The rights groups’ announcement follows the controversial remarks of Minister Tsulukiani last Sunday. Speaking to Imedi TV on June 10, Tsulukiani said the CSOs were voicing an “ultimatum” for her resignation since she did not meet their earlier demands for allowing a gender designation change in the identification documents.
“The CSOs have been asking me to register a person with male organs as female, and a person with female biological organs – as male, and I admit that I have not carried this reform,” Tsulukiani noted then, adding that “a whole set of legal, medical and other psychosocial issues need to be discussed before such reform is implemented, if it is to be implemented at all.”
The LGBT rights organizations convened a press briefing on the matter today, saying Tsulukiani’s remarks were “transphobic” and “offensive” for the LGBT community, as well as “political populism” to “appease the transphobic voters.”
“We would like to remind the Justice Minister that it is the responsibility of the authorities to increase awareness and sensitivity about the LGBT community,” the organizations said, calling on the authorities to replace Tsulukiani with someone who “will respect the rights of every individual, and will be sensitive towards the LGBT people, as well as the problems of other marginalized groups.”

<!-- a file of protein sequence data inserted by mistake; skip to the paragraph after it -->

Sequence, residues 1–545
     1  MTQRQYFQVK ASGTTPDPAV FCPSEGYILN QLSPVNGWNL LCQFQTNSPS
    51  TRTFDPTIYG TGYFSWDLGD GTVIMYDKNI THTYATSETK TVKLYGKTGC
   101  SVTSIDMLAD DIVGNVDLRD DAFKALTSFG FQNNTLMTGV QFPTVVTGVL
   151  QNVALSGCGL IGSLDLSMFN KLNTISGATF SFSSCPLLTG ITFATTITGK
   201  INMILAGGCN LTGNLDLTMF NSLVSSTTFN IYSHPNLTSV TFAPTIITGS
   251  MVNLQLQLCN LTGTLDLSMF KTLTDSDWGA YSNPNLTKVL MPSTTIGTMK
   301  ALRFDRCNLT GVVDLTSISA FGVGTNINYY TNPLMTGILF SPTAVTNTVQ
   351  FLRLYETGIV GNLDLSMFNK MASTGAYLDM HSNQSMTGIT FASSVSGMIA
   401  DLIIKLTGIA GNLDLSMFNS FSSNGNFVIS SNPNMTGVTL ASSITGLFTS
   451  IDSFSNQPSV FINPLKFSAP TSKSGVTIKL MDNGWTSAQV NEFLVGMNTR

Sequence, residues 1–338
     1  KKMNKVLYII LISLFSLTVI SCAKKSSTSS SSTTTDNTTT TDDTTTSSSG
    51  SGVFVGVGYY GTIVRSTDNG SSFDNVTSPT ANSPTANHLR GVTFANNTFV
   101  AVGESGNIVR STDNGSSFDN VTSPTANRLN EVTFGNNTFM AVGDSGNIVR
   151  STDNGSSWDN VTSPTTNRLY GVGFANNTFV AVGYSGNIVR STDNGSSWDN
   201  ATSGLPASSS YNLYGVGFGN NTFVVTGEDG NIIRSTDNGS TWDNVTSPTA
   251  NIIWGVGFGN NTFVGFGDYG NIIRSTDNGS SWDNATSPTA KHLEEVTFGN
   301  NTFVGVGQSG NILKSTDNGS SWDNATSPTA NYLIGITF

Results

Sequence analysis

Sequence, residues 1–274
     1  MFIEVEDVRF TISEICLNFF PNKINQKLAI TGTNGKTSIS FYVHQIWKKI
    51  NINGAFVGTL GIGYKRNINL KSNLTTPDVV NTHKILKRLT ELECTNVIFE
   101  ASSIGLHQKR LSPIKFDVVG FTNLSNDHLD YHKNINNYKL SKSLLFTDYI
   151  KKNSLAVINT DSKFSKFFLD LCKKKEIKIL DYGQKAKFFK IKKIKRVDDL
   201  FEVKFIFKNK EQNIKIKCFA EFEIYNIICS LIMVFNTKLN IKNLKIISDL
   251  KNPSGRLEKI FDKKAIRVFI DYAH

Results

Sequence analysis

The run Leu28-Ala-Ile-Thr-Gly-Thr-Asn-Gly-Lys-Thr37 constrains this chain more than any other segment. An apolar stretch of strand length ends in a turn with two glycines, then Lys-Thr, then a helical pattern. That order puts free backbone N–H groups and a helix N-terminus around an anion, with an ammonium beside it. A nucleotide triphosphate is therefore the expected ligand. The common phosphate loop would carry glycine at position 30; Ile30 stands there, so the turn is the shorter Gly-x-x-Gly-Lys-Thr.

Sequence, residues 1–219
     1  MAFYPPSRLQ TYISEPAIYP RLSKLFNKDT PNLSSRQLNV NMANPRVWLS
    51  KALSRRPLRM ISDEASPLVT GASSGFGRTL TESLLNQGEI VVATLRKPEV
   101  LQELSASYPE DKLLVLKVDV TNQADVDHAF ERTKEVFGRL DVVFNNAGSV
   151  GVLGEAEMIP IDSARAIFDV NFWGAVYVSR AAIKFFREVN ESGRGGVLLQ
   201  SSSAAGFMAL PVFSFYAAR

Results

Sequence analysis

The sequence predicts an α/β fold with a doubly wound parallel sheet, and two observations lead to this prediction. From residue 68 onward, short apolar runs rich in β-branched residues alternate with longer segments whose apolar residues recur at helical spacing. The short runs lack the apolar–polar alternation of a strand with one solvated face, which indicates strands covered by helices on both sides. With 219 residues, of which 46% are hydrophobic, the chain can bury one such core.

The Coalition for Equality, which unites eight leading Georgian human rights organizations, released a statement as well, saying Tsulukiani’s remarks were “extremely alarming” as they “reinforced the societal stigmas against transgender persons and encouraged their further marginalization.”
The country’s civil acts law allows for a gender designation change, but only if a claimant undergoes gender reassignment surgery and presents a relevant medical record to the Justice Ministry. Gay rights groups have been campaigning against the practice and calling for allowing the change based the gender dysphoria diagnosis, a medical document that can be obtained from psychiatrists.